It’s all over at Royal-Memorial Stadium.
Texas has upset No. 8 Baylor, 35-34.
Trent Domingue’s 39-yard field goal with 46 seconds left saved Texas’ season, bowl hopes and, perhaps, Charlie Strong’s job.
The Longhorns, needing six wins to become bowl-eligible, are at four. They need to find two more in the four remaining games against Texas Tech (Lubbock), West Virginia (DKR), Kansas (Lawrence) and TCU (DKR) to get there.
As far as Strong’s job status, there have been two schools of thought. One has Texas needing to go 7-5 with a reasonably good bowl game for it to be considered safe to say Strong will be back. The other has Texas needing to go 8-4 to make that a slam dunk decision for Texas. He’s notched wins over the No. 10 and No. 8 teams in the country this season.
The Longhorns are now 4-0 at home.
Texas hung tough for a half, taking a 23-21 lead at the break thanks to a big first two quarters from D’Onta Foreman and a spirited showing by the much-maligned Texas defense. The Longhorns, matched up against the nation’s No. 4-ranked total offense, produced one turnover, two sacks and a safety in the first half.
But things changed in the third quarter. Texas looked sluggish on offense and, after back-to-back 10- and 13-play drives that yielded a Baylor field goal and a touchdown, tired on defense.
But Texas found a way to pull it out in the fourth, getting hot late after playing cold early.
After the Bears took the lead (28-26) for the first time since going up 7-0 after the first drive of the game, Texas answered with a three-and-out.
When the Bears added a field goal on their next drive, going up 31-26, Texas answered with a three-and-out.
Seth Russell’s SportsCenter highlight-worthy hurdle of Dylan Haines set up Baylor’s 24-yard field goal with 8:54 left. Baylor led, 34-26.
Texas’ first four drives of the second half:
Seven plays, 67 yards, 2:47: A Trent Domingue field goal.
Three plays, 5 yards, 1:56: Punt.
Three plays, no yards, 1:15: Punt.
Four plays, 37 yards, 1:40: Punt.
Texas, now trailing 34-26 midway through the fourth quarter, went on the offensive. The Longhorns put together a six-play, 79-yard drive keyed by Lorenzo Joe’s 61-yard catch to Baylor’s 13. Buechele found Andrew Beck for a 7-yard touchdown with 7:03 left in the game, though the 2-point play to tie it up was stopped short.
The Bears tried to produce a clock-chewing drive and points to seal the game, but a Bryce Cottrell sack and a couple of Russell incompletions forced a Baylor punt with 3:10 to go.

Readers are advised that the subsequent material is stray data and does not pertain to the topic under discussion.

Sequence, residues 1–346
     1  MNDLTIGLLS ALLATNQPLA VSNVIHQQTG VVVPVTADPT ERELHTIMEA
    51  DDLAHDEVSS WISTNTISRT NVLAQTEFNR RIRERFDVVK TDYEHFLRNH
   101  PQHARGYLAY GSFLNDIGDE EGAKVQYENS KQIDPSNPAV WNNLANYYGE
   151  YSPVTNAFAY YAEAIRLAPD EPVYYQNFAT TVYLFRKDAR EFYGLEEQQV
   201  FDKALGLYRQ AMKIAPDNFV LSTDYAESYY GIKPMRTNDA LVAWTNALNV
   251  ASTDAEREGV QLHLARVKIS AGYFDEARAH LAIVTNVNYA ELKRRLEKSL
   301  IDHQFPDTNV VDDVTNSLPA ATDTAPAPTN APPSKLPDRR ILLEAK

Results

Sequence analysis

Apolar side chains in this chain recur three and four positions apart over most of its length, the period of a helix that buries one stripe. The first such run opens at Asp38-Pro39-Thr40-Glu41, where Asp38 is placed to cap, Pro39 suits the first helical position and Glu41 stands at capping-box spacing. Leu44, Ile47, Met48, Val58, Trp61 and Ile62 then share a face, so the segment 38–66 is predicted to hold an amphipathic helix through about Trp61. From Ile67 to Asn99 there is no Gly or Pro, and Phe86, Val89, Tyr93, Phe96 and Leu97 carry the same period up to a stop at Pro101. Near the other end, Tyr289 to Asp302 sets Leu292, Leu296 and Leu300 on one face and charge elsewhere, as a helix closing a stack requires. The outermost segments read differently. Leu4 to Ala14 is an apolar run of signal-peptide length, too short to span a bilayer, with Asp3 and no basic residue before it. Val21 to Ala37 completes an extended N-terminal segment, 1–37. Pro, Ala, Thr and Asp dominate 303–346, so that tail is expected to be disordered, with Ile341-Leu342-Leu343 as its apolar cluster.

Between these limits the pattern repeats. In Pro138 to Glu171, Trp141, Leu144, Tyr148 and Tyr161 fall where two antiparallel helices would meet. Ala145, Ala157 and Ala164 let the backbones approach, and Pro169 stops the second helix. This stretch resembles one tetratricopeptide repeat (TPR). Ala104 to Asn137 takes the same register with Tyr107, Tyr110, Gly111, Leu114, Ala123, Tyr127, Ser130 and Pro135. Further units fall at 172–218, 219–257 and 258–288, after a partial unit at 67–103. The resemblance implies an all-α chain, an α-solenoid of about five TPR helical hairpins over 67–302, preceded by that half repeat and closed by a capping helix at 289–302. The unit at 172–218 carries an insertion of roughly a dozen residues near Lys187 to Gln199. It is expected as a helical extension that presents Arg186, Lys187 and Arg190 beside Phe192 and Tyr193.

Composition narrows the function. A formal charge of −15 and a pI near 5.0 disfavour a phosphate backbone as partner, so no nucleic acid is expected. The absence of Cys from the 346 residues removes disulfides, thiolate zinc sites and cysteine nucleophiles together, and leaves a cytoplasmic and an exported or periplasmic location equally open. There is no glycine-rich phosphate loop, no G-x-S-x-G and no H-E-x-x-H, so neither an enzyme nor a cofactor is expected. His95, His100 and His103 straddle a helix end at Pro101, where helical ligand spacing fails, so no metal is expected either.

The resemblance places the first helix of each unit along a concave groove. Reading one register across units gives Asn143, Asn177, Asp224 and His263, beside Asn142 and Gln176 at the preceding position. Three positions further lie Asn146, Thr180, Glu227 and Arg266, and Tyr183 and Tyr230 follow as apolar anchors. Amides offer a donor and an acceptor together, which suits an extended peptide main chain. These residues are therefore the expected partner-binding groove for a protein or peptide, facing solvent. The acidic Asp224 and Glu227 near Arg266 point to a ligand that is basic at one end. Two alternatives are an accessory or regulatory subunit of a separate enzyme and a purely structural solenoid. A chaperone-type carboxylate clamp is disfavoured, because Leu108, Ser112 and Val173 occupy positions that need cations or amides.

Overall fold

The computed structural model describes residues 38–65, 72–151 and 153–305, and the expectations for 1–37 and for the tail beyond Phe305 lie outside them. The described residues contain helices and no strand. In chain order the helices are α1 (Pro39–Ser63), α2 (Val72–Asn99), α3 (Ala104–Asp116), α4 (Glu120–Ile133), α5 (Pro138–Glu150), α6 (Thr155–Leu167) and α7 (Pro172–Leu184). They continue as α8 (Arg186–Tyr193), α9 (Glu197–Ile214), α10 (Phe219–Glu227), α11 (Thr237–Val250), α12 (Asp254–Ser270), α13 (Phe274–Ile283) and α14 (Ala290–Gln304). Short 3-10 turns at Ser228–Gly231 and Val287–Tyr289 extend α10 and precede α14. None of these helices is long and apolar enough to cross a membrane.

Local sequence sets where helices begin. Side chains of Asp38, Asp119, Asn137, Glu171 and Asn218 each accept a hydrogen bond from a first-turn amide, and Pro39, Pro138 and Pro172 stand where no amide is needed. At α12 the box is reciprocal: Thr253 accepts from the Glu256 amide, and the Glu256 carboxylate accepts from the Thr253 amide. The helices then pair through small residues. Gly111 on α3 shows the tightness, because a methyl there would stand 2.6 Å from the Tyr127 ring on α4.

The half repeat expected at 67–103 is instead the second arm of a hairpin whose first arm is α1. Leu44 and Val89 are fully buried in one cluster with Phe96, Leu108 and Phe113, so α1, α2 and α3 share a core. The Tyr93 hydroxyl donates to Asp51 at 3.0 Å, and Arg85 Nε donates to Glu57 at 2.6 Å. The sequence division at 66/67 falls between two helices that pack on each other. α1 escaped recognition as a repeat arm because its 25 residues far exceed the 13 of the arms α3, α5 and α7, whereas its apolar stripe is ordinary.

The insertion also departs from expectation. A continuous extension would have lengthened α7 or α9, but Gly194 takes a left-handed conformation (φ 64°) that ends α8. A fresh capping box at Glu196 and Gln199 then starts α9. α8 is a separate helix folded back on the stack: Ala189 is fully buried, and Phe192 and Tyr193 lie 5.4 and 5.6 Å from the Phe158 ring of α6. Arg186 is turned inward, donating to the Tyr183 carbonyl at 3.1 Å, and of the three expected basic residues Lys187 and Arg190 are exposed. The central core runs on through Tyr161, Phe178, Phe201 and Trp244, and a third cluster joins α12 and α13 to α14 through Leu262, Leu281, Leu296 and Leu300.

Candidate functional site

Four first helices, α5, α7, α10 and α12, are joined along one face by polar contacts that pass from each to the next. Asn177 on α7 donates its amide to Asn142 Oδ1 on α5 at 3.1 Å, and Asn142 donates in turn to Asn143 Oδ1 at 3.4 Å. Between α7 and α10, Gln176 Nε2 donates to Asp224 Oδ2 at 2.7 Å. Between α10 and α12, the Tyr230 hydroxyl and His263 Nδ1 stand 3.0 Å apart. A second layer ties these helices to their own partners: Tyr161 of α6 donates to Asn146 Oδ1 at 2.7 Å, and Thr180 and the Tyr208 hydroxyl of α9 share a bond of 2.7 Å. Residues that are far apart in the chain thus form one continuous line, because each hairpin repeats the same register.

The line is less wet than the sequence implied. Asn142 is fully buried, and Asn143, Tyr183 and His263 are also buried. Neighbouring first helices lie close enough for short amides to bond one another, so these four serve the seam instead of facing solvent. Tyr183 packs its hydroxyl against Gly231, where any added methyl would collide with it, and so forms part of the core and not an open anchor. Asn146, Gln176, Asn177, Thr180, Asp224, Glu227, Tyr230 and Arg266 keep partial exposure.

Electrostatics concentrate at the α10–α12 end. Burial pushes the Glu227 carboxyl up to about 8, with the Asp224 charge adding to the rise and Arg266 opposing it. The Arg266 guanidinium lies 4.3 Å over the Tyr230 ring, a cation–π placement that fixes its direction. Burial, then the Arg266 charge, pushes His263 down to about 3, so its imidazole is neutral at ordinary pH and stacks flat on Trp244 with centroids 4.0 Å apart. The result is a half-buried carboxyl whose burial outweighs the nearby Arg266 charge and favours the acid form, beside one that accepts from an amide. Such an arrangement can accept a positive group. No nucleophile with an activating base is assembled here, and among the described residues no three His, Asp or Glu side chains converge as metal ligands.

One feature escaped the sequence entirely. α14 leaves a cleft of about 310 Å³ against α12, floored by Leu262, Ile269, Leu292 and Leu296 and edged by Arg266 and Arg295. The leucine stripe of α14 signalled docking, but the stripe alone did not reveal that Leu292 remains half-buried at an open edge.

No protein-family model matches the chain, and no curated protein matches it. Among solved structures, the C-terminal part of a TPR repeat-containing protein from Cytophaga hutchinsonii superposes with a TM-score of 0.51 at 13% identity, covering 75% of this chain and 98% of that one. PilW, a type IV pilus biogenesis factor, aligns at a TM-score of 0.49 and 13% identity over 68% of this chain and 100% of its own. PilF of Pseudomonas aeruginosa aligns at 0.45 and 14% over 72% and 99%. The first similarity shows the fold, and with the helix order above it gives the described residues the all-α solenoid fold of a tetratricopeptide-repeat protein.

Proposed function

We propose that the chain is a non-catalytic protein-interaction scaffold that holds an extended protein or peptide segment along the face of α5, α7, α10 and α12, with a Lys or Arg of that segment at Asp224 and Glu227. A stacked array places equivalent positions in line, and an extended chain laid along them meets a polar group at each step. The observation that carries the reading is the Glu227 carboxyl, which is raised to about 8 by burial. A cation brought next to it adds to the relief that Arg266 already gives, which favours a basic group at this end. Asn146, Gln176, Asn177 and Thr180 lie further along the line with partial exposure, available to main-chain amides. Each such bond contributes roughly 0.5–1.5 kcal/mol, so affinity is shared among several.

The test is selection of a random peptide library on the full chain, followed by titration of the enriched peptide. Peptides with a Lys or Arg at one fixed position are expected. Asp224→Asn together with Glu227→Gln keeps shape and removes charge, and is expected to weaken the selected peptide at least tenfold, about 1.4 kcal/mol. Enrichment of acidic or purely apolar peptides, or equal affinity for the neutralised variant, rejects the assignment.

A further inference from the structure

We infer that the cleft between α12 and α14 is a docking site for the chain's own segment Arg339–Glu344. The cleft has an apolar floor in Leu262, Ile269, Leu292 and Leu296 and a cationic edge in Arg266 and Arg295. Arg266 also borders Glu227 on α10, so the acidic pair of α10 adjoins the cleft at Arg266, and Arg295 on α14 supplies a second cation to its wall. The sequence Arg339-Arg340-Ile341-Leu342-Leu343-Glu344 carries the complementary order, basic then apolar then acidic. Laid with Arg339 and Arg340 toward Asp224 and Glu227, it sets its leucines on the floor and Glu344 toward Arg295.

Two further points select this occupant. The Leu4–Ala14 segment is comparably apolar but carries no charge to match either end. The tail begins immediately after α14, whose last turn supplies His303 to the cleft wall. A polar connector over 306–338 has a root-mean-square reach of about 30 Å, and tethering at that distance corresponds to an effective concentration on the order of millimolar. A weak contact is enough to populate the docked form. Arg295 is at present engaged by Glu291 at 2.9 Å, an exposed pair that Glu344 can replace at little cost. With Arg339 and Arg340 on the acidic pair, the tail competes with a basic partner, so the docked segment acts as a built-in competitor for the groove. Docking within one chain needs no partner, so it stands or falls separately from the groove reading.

Texas, trailing 34-32, started its drive at the 20. Foreman rushed for 4, then spit through the middle for a 12-yarder to Texas’ 36. Buechele then lofted a pretty pass to Armanti Foreman in front of the Texas sideline for 38 yards to Baylor’s 26.
With 2:21 to go, the Longhorns needed to eat some clock. Foreman for 3. Then Foreman for 5. On third-and-3 with 1:15 to go, and at Baylor’s 19, though, Texas went with the 18-Wheeler; Tyrone Swoopes, though, ran wide right and lost three yards.
That set up Trent Domingue, from 39 yards out on the right hash mark, with 50 seconds left.
Why Texas (4-4, 2-3) won: D’Onta Foreman (32 carries, 250 yards, 2 touchdowns) was huge. Buechele was only 12 of 21 on the day, but threw for 291 yards and a pair of scores. The defense sacked Russell six times and produced two turnovers.
Why No. 8 Baylor (6-1, 3-1) lost: Where was the defense late in the game? And surely the Bears knew Foreman was coming today. Didn’t matter. Settling for two short field goals in the third and fourth quarters hurt the Bears at the end.
Saturday morning, we asked four questions ahead of today’s game. Here’s how they played out:
Did Texas hand Seth Russell his first college loss? Yes.
Russell, who had won his first 14 starts, is now 14-1 all-time as a starter.
Did Baylor “Shock” Texas with its ground game, as in Shock Linwood? Yes and no. Linwood had a pedestrian day — 17 carries for 67 yards — but seeing Terence Williams (24-180-1) and Seth Russell (21-138-1) do what they did was certainly a shock.
Did Devin Duvernay get more than one look this week? Yes. He finished with only one catch for 2 yards, though. But he was targeted at least three times.
His touchdown string, however, came to an end at three games. He had a 63-yard touchdown catch vs. OU, a 75-yarder against Iowa State and an 80-yarder at Kansas State.
Did Texas finally give Baylor a test at least? Yes. Big-time.
1. Foreman. Huge.
2. The turnovers. Huge. And scoring off those turnovers was even bigger.
3. Armanti Foreman had four catches for 142 yards and a touchdown.
4. Texas finished with six sacks.
1. Where was Patrick Vahe? He had zero snaps.
2. There were questionable play-calling decisions throughout, none moreso on the late 2-point play from the 2 that saw Swoopes stopped short and D’Onta Foreman lined up at receiver.
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